My primary career goal is to teach and excite people of all ages about the STEM fields, specifically neuroscience. I love teaching, both in traditional settings (like the college classroom) and in informal settings (science outreach, lay-person friendly public lectures, hands-on workshops). I have more than a decade of experience in science outreach with both children and adults.
I am a trained experimental scientist, and have done work in rodent behavior, histology, neuroanatomy, systems neuroscience, molecular biology and models of neurological disease. I received my degree from the Neuroscience Training Program at the University of Wisconsin-Madison. As a member of the lab of Corinna Burger, I worked to explore genes that have been identified as involved in learning and memory in rodent models of aging via behavioral, cellular and molecular methodologies. I put my pedagogical training into good use as a Visiting Assistant Professor of Biology at the W.M. Keck Science Department of Claremont McKenna, Scripps, and Pitzer Colleges in Claremont, CA. By teaching both the important core courses for the neuroscience major and a course on Behavioral Neurobiology for non-majors, I enjoyed reaching out to students of multiple backgrounds to excite and educate them about neuroscience. As a Lecturer in the Biology Department at the University of Wisconsin-Whitewater, I taught both biology majors and non-majors, demystifying the scientific process in the lab and classroom.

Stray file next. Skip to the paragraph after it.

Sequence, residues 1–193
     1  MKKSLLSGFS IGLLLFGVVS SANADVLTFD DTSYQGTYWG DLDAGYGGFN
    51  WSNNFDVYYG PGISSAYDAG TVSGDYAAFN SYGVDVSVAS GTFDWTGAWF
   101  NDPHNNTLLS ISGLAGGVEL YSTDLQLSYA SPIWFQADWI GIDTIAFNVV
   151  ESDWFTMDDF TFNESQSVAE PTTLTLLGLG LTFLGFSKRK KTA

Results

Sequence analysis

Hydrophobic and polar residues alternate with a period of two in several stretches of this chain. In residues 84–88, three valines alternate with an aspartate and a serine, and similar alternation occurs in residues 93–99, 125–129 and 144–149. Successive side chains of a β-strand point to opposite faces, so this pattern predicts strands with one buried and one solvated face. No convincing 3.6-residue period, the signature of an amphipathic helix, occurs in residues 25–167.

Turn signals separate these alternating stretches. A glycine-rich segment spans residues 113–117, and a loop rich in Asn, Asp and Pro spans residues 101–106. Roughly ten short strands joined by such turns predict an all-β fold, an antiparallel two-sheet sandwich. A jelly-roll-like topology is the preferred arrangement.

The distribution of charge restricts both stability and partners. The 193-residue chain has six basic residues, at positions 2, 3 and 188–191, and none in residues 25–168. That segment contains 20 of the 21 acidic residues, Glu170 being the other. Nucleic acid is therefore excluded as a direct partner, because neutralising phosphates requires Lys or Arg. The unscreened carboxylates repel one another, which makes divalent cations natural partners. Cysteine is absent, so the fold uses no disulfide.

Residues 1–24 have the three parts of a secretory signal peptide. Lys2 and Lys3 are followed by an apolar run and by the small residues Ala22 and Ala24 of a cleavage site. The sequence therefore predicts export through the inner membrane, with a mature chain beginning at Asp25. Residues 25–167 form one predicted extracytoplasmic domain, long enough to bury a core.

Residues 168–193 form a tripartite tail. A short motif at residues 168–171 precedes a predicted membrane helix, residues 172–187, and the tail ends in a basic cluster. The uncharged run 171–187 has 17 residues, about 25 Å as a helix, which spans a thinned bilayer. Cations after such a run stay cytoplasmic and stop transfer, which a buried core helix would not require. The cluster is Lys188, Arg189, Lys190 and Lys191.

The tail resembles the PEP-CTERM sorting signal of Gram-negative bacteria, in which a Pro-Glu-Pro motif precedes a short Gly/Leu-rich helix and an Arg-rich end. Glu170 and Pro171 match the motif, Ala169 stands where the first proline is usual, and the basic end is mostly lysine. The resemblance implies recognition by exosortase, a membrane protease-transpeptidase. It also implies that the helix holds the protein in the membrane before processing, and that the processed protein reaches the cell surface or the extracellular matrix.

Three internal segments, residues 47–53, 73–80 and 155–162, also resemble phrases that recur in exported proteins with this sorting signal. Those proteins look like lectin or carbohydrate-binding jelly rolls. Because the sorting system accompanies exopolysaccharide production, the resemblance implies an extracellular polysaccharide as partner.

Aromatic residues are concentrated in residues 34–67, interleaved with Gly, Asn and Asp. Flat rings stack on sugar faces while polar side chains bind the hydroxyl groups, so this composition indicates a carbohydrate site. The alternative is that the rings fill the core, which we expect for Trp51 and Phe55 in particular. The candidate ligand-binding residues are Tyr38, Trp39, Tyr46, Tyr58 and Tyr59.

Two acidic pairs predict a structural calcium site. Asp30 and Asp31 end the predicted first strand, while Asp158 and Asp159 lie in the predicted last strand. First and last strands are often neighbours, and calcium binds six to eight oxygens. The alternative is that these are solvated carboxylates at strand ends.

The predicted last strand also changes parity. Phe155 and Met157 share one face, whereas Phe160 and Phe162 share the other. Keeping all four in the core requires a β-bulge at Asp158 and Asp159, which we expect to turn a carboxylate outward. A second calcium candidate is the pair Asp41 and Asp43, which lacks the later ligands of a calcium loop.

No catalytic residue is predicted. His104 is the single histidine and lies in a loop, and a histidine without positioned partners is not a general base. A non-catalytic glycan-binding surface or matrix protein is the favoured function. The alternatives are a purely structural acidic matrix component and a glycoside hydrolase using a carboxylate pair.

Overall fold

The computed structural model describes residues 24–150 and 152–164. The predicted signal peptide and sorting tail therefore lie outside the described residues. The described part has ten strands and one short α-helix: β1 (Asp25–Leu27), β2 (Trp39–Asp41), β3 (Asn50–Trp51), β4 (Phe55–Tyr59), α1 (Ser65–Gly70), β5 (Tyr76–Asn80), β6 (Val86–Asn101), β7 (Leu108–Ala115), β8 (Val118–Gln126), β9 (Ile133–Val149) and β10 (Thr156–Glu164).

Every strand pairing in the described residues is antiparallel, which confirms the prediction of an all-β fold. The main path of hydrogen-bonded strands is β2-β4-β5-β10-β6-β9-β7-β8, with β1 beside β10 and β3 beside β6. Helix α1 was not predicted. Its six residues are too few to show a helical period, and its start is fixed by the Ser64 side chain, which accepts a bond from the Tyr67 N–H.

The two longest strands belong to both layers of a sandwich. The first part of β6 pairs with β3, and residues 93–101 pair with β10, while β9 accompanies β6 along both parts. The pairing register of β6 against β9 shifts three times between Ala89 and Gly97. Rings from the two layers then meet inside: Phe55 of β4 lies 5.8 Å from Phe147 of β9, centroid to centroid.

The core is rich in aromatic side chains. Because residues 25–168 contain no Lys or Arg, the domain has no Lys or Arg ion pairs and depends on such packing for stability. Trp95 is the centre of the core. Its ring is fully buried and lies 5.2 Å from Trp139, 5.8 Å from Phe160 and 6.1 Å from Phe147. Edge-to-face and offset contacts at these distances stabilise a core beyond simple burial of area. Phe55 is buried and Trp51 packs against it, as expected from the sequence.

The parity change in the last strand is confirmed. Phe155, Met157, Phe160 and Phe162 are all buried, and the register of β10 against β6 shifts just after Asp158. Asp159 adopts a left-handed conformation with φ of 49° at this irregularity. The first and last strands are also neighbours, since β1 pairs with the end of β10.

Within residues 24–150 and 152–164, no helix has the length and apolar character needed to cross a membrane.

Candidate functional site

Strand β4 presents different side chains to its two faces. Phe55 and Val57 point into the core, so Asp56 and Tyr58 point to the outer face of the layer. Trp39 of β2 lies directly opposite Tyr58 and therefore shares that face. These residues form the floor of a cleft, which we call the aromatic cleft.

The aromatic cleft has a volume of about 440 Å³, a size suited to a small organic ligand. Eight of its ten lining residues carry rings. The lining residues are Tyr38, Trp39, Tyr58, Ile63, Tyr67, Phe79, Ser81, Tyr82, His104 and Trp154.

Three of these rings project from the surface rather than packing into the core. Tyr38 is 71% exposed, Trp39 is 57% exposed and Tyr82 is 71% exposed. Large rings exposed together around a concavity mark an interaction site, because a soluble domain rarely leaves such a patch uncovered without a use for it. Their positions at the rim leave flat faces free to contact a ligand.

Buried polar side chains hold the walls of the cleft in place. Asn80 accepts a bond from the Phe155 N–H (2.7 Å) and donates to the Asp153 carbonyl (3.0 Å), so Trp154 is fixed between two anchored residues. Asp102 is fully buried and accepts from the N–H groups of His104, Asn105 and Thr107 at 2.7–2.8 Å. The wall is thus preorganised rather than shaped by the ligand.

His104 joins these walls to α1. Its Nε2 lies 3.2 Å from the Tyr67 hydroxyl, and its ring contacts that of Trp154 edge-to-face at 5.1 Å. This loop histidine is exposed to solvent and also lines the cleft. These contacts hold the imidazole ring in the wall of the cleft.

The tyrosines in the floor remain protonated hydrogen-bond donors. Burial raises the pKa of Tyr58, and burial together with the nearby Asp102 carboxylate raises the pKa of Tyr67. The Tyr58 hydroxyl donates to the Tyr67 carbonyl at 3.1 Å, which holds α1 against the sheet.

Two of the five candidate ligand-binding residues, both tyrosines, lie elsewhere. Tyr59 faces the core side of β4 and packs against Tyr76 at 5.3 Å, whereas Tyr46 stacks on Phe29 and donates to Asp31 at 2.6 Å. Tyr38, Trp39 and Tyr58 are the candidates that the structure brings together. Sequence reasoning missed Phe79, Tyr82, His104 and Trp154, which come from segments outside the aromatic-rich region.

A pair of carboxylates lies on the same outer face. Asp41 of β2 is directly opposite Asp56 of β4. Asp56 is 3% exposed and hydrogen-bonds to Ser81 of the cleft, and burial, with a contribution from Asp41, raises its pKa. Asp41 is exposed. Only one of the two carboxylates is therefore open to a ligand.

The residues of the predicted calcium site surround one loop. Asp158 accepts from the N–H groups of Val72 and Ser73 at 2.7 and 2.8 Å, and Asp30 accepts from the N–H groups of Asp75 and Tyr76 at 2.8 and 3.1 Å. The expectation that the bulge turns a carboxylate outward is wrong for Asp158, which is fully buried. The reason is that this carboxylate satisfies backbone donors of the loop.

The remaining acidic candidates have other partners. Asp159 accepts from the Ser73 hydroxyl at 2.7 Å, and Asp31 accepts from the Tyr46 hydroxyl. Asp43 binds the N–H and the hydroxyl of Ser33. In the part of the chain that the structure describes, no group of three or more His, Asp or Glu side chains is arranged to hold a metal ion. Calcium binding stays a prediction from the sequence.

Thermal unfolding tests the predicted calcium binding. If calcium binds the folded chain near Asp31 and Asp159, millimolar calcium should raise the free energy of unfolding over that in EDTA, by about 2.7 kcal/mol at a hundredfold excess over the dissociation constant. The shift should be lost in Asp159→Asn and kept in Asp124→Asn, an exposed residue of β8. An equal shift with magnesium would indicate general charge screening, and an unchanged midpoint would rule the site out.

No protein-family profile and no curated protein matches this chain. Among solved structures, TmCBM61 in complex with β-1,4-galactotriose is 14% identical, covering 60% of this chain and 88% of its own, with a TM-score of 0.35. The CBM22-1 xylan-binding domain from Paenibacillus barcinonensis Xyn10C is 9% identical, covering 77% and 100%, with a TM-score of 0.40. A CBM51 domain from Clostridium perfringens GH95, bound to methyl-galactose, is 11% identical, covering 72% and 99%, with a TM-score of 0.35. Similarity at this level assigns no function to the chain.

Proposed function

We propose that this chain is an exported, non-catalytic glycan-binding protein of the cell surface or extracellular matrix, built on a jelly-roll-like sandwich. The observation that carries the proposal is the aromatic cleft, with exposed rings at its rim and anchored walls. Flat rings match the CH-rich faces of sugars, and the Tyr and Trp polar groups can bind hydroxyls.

More recently, as a consulting Documentary Researcher for Tangled Bank Studios at the Howard Hughes Medical Institute, helped the editorial film team understand the science behind Alzheimer’s Disease and fine-tune scientific content for the lay audiences of PBS/NOVA. As the Policy & Advocacy Fellow at the Society for Neuroscience, I developed communication materials about science, policy, and activities of Congress for a variety of audiences. In my current position as the Associate Director of Education at the Center for Neuroscience & Society at the University of Pennsylvania, I plan to carry my interest in answering questions about how changes in the brain affect behavior forward into teaching and science outreach.